criminal proceedings involving
such offences. But the criminal
cases having overwhelmingly
and pre-dominatingly civil
flavour stand on different footing
for the purposes of quashing,
particularly the offences arising
from commercial, financial,
mercantile, civil, partnership or
such like transactions or the
offences arising out of
(5 of 6) [CRLMP-3406/2018]

matrimony relating to dowry,
etc. or the family disputes where
the wrong is basically private or
personal in nature and the
parties have resolved their entire
dispute. In this category of
cases, High Court may quash
criminal proceedings if in its
view, because of the
compromise between the
offender and victim, the
possibility of conviction is
remote and bleak and
continuation of criminal case
would put accused to great
oppression and prejudice and
extreme injustice would be
caused to him by not quashing
the criminal case despite full and
complete settlement and
compromise with the victim. In
other words, the High Court
must consider whether it would
be unfair or contrary to the
interest of justice to continue
with the criminal proceeding or
continuation of the criminal
proceeding would tantamount to
abuse of process of law despite
settlement and compromise
between the victim and
wrongdoer and whether to
secure the ends of justice, it is
appropriate that criminal case is
put to an end and if the answer
to the above question(s) is in
affirmative, the High Court shall
(6 of 6) [CRLMP-3406/2018]

be well within its jurisdiction to
quash the criminal proceeding.”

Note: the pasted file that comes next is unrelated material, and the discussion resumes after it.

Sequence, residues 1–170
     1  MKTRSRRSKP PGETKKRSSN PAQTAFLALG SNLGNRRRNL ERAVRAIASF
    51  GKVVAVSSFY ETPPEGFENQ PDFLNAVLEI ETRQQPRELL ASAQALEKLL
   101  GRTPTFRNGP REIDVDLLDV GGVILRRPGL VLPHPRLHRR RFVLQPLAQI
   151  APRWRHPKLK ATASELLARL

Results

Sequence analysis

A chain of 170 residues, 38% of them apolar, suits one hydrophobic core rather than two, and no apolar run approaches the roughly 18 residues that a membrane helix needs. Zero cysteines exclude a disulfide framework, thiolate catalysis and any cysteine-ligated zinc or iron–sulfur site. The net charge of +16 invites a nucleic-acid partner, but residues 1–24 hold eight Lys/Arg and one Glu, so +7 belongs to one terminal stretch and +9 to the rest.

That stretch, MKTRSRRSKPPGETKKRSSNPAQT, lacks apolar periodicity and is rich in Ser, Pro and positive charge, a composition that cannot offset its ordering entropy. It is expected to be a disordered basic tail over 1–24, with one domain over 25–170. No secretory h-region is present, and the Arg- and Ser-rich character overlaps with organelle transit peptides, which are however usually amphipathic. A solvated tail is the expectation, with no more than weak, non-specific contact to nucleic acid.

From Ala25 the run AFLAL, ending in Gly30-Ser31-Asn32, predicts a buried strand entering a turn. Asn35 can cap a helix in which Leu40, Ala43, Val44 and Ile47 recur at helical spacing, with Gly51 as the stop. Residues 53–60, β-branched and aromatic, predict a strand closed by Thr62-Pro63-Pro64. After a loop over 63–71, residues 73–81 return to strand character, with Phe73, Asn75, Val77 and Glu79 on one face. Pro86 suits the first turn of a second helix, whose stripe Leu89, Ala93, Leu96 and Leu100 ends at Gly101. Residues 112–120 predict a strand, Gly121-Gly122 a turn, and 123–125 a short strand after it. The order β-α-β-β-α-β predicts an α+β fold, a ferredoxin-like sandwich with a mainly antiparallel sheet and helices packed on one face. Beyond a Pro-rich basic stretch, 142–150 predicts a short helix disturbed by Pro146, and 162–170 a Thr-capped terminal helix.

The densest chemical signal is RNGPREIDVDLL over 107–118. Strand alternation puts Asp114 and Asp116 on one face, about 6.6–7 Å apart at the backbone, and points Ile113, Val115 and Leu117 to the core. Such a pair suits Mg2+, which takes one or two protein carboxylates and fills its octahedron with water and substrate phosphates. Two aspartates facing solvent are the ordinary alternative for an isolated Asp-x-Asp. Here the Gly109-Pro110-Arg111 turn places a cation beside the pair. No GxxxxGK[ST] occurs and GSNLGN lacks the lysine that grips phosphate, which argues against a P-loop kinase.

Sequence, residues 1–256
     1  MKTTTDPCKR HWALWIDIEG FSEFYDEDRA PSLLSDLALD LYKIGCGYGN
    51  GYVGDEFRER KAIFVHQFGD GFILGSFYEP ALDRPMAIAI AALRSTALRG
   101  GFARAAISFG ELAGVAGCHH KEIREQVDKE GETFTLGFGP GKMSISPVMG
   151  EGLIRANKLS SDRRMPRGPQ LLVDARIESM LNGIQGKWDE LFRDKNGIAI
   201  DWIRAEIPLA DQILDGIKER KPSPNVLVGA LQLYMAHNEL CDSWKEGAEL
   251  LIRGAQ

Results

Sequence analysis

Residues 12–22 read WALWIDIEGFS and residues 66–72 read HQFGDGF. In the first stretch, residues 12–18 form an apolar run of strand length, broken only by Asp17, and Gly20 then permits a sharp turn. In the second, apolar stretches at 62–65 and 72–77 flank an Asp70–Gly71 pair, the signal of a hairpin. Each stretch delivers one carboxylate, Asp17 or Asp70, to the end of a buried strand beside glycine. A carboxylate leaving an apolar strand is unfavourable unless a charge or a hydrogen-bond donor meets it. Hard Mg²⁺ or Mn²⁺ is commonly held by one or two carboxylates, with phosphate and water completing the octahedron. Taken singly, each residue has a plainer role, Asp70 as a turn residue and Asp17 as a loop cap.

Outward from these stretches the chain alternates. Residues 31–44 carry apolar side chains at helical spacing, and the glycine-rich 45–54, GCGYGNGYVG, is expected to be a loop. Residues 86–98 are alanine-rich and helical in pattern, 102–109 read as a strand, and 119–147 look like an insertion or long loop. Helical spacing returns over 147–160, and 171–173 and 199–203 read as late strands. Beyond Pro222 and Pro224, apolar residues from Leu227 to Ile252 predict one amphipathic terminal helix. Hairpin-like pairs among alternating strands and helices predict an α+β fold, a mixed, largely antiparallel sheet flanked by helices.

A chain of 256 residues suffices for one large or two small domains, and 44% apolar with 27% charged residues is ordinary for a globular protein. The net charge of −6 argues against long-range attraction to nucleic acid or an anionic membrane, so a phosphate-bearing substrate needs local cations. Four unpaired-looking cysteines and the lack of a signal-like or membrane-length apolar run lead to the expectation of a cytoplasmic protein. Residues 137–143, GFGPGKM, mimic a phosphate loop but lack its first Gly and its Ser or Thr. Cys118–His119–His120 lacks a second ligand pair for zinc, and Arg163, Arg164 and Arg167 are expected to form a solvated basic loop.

Having considered the facts and circumstances of the case

and looking to the fact that the petitioner and respondent no.2

have already entered into compromise, there is no possibility of

petitioner being convicted in the case pending against him. When

once the matrimonial disputes have been settled by the mutual

compromise, then no useful purpose would be served by keeping

the criminal proceedings pending.

Keeping in view the observations made by the Hon’ble

Supreme Court in Gian Singh’s case (supra), this Court is of the

opinion that it is a fit case, wherein the criminal proceedings

pending against the petitioner can be quashed while exercising

powers under Section 482 Cr.P.C.

Accordingly, this criminal misc. petition is allowed and the

criminal proceedings pending against the petitioner before the

Additional Chief Judicial Magistrate No.2, Udaipur in Criminal

Regular Case No.558/2016 for the offence punishable under

Section 498-A IPC are hereby quashed.

(VIJAY BISHNOI),J

ms rathore